A call for local participants has been announced for the Cowichan Valley Disability, Culture and Food Through Art: An Exhibit, a unique photography and video exhibit that will help raise awareness to the barriers disabled people face in accessing food and to promote advocacy from local producers.

Led by local food photographer, owner of Polaris Creative, and disability advocate Jules Sherred, the exhibit will be available both online and in-studio and showcase the food-related stories of at least eight disabled Canadians, eight Canadians from culturally diverse backgrounds, and eight Cowichan Valley food and beverage producers.

If you live in the Cowichan Valley and self-identify as disabled, and/or are a Canadian of non-Western European heritage, and/or you are a Cowichan Valley food or beverage producer, Sherred would like to include your stories in the exhibit.

Participants will be filmed, recorded, and photographed to tell their own stories centering around their accessibility, culture, and personal relationship surrounding food, and will be featured in both the online and main in-person exhibit.

In addition, every participant will be gifted a photo book of their stories, valued at $300.

Interviews, with safety protocols in place, will begin to take place in June 2021 and run throughout the next year.

Patronages, sponsorship and advertising opportunities are also available.

The first of three mini exhibits in the series is slated for the fall of 2021, while the main exhibit is scheduled to run from July 1 to Sept. 30, 2022.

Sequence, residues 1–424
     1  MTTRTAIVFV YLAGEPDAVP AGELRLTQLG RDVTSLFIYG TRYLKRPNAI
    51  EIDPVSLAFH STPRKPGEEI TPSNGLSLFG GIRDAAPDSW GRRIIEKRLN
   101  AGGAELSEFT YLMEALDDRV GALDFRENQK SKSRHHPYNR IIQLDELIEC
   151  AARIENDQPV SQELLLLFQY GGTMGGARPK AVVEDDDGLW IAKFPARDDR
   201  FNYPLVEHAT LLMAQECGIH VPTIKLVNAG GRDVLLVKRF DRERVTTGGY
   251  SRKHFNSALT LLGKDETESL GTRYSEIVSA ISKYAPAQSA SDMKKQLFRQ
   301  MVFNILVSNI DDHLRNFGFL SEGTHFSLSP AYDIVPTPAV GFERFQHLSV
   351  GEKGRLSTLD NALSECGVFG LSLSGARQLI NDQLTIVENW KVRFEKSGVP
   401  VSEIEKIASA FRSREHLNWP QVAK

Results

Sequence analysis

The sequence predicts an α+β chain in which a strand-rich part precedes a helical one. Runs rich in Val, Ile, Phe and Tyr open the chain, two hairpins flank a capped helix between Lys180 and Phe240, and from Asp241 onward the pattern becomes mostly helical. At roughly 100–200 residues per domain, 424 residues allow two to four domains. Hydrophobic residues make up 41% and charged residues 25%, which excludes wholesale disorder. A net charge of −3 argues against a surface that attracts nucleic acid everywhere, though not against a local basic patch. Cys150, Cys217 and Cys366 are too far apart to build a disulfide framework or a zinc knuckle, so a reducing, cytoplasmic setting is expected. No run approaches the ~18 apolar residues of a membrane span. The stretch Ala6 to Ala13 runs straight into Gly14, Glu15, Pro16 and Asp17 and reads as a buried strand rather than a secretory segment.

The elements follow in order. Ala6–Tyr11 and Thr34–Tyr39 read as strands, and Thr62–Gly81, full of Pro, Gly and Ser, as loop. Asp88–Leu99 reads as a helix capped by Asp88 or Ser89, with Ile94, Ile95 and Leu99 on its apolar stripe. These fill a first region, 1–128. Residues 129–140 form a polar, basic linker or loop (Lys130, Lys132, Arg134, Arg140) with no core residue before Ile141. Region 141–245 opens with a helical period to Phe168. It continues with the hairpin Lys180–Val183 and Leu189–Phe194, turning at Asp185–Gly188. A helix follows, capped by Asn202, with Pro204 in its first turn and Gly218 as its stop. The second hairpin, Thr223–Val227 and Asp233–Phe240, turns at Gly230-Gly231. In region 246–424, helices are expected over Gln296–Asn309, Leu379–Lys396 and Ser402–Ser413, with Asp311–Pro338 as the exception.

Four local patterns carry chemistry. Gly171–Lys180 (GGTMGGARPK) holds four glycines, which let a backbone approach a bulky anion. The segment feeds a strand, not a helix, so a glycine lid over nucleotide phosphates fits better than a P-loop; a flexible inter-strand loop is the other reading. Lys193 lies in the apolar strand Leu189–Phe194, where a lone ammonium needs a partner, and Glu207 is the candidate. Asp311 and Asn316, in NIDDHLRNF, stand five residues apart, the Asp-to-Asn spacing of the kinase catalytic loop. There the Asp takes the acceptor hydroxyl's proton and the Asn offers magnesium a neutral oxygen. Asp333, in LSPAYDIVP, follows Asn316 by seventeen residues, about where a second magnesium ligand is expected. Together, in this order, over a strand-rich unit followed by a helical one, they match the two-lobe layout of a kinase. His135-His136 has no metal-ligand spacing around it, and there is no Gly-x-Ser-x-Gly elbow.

The in-person full exhibit, meanwhile, is planned to take place during peak tourist season and right around the corner from one of the largest farmers’ markets in B.C.

For more information about the exhibit, if you’d like to get involved, or would like to inquire about sponsorship or advertising visit www.disabilityandfood.art, or call 250-856-0657.

••••

A new program launched by the Island Coastal Economic Trust will help stimulate and promote vitality in downtowns, main streets and business districts across the region.

The THRIVE Small Capital Program will enable applicants to access one-stop funding support, thanks to a joint partnership with Tourism Vancouver Island and Destination BC.

The program can contribute up to 100 per cent of eligible project costs, to a maximum of $50,000, for small-scale capital projects that bolster short to medium-term renewal of downtown or commercial-area vitality.

Funding will focus on new, innovative, concept-driven initiatives that foster increased commercial activity, visitor attraction and resident engagement.

The ICET THRIVE program is open to local governments, Indigenous communities and non-profit organizations located in the ICET service area.

“This past year has forced a rethink, within our communities, of our traditional business models and community planning approaches,” said ICET chairman Aaron Stone.

“The new THRIVE program is a timely response to the growing need for proactive, collaborative and innovative ways to reinvigorate and sustain our communities’ energy.”

The first application intake opens on May 25 and will close on July 9.

The second application intake will run from July 19 to Sept 17.

For more information, including guidelines and application forms, visit the THRIVE Small Capital Program section of ICET’s website.